Oak Processionary Moth

Mole Valley residents are being advised by the Forestry Commission to be aware of what Oak Processionary Moth caterpillars and their nests look like and, if spotted, not to touch or get too close and to report the location of the insect as soon as possible.

The Oak Processionary Moth (OPM) was accidentally introduced to England in 2005. OPM caterpillars are active in the summer and there have been known sightings in London and neighbouring district and boroughs in the South-East in recent years. Nests are typically dome or teardrop-shaped and white when fresh, though it quickly changes to brown. The caterpillars have black heads and bodies covered in long white hairs. In large populations, the caterpillars can devastate the foliage of oak trees, leaving the tree vulnerable to other threats.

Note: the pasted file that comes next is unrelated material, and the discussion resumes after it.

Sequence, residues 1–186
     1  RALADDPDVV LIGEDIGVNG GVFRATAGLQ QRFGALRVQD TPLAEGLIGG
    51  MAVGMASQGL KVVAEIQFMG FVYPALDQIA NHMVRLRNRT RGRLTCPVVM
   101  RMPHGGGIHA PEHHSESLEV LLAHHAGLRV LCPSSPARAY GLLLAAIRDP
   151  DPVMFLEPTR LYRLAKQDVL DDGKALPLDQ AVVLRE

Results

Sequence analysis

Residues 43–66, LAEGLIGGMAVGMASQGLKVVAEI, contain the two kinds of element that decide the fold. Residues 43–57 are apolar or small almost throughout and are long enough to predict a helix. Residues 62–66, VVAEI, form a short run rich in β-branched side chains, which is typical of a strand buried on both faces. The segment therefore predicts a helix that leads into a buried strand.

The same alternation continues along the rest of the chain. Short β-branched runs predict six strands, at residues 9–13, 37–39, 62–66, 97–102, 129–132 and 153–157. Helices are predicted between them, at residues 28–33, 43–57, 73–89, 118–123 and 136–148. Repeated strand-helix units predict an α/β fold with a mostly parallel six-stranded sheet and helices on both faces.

Not only can the caterpillars cause damage to trees, but the hairs of the insect can also cause health implications to humans and animals upon close contact. Public Health England has advised that a minority of the population (5-7%) is at risk of developing afflictions, ranging from minor skin complaints to anaphylaxis. This represents approximately the same percentage of people that suffer symptoms from bee and wasp stings. Follow the Forestry Commission's advice "spot it, avoid it, report it" to ensure you, your child or pet avoids close contact with the caterpillars.

Residents should report sightings of OPM to the Forestry Commission by calling 0300 067 4442 or emailing opm@forestry.gsi.gov.uk. For more information, visit www.forestry.gov.uk/opm.

Councillor David Hawksworth CBE, Cabinet Member for Wellbeing, said: "It is really important that this pest is controlled to help protect the magnificent oak trees. If you see an OPM nest or caterpillar, make sure that you keep your distance and report it to the Forestry Commission as soon as you can."

Last Updated: 19/07/2018




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